Evaluation of insecticides for the management of navy bean (Phaseolus vulgaris L.) pests
Chemining'wa, G. N.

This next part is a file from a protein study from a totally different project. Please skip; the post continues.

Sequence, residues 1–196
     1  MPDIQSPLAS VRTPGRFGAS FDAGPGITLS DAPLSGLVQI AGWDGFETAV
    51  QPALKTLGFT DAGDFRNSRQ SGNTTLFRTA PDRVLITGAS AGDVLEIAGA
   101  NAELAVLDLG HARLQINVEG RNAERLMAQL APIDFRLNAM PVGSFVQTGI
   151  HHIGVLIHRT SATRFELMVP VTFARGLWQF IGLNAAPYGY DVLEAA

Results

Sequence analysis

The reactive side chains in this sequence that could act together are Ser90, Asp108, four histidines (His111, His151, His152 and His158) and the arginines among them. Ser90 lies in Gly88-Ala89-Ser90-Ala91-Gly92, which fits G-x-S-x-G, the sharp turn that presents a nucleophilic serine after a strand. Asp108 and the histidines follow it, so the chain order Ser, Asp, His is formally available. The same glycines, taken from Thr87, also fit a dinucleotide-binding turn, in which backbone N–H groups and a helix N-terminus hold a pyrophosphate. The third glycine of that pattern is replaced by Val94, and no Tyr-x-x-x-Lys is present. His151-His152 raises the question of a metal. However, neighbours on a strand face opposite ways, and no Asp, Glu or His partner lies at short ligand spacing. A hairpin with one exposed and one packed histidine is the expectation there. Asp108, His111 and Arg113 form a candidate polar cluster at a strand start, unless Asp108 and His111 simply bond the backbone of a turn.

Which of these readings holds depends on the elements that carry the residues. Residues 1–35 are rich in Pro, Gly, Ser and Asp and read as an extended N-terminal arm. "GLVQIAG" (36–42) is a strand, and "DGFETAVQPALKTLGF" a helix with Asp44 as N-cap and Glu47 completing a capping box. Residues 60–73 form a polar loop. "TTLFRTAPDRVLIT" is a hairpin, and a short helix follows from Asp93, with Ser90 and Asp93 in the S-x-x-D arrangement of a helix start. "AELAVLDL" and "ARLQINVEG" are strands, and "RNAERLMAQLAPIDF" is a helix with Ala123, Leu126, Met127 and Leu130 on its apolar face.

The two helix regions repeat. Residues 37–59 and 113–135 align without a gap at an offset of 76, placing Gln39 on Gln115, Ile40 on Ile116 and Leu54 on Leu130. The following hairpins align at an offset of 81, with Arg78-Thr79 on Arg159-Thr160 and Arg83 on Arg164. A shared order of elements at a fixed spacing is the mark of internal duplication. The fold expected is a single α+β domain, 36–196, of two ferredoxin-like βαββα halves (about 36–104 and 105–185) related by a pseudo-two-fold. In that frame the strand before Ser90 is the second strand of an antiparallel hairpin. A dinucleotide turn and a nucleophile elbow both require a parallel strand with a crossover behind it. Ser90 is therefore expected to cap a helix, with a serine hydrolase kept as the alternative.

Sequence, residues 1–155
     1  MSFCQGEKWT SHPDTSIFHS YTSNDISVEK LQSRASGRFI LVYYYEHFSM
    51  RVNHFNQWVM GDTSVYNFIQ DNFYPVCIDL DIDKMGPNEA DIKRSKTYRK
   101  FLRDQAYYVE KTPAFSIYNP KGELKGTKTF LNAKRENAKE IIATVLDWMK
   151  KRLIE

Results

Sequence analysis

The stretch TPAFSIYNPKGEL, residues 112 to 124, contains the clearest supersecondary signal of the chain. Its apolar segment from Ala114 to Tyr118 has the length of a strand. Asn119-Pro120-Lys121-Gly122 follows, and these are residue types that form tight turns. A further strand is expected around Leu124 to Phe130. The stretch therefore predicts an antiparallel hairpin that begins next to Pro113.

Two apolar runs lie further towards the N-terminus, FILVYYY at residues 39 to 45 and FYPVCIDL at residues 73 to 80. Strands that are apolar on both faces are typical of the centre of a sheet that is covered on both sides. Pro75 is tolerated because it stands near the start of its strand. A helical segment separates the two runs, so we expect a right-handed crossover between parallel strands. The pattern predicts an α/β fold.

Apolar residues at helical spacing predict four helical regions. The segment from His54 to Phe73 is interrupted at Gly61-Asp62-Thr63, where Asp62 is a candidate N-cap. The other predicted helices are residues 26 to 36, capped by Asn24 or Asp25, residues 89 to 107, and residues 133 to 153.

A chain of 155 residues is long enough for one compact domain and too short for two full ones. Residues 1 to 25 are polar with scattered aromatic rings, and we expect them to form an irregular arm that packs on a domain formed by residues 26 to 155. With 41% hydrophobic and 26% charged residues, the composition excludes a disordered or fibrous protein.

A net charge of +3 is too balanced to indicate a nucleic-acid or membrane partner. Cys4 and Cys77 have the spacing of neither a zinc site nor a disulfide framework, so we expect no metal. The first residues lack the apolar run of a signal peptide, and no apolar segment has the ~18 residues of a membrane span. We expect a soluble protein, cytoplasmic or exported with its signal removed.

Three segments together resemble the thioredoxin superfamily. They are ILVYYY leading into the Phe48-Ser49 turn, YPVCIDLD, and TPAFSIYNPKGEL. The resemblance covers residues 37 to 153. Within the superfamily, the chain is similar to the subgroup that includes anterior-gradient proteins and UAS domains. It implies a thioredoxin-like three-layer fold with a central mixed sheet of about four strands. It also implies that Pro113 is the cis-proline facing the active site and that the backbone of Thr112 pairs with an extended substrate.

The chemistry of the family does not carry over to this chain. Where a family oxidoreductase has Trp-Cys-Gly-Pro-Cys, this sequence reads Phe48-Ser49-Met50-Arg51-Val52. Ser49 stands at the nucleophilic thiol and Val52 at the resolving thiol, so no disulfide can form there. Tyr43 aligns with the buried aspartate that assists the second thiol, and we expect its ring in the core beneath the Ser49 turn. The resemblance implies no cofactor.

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Pests are a major constraint to production of navy beans (Phaseolus vulgaris L.) in Kenya. Farmers rely primarily on insecticides to control navy bean pests and use one insecticide molecule over a long period of time, resulting in high pesticide residues and ineffective control of aphids, beanfly, whiteflies and bean flower thrips. Therefore, a study was conducted to determine the effect of some of the pesticides used by bean farmers on populations of aphids, bean stem maggot and thrips, and grain yield of navy beans. The experiment was conducted in Kimbimbi, Mwea- Tebeere, Central Kenya for two seasons in December 2009 - August 2010. Eight pesticides namely Monceren® (imidachloprid), Gaucho® (imidachloprid), Actara® (thiamethoxam), Ogor® (dimethoate), Neembecidine® (azadaractin), Karate® (lamdacyhalothrin), Cruisor® (thiamethoxam), Thunder® (imidac1oprid) and a control treatment (no pesticide was applied) were evaluated using navy bean variety Mexican 142. Total counts of aphids, bean stem maggot and thrips were recorded and grain yield of navy beans determined. Actara, monceren, neem and dimethoate significantly reduced the number of aphids in the first season while cruiser, Gaucho, thunder and Karate had no effect. In the second season, Actara, dimethoate and Karate significantly reduced the number of aphids. All the pesticides, except neembecidine in the first season, significantly reduced the number of bean stem maggots. Pesticides had no effect on the flower thrips in both seasons. Actara, Thunder, Ogor and Karate significantly improved grain yield while Neembezidine, Monceren, Cruiser and Gaucho had no effect. It is advisable for farmers to use Thunder and Actara which are environmentfriendly and have minimal residues on the seeds.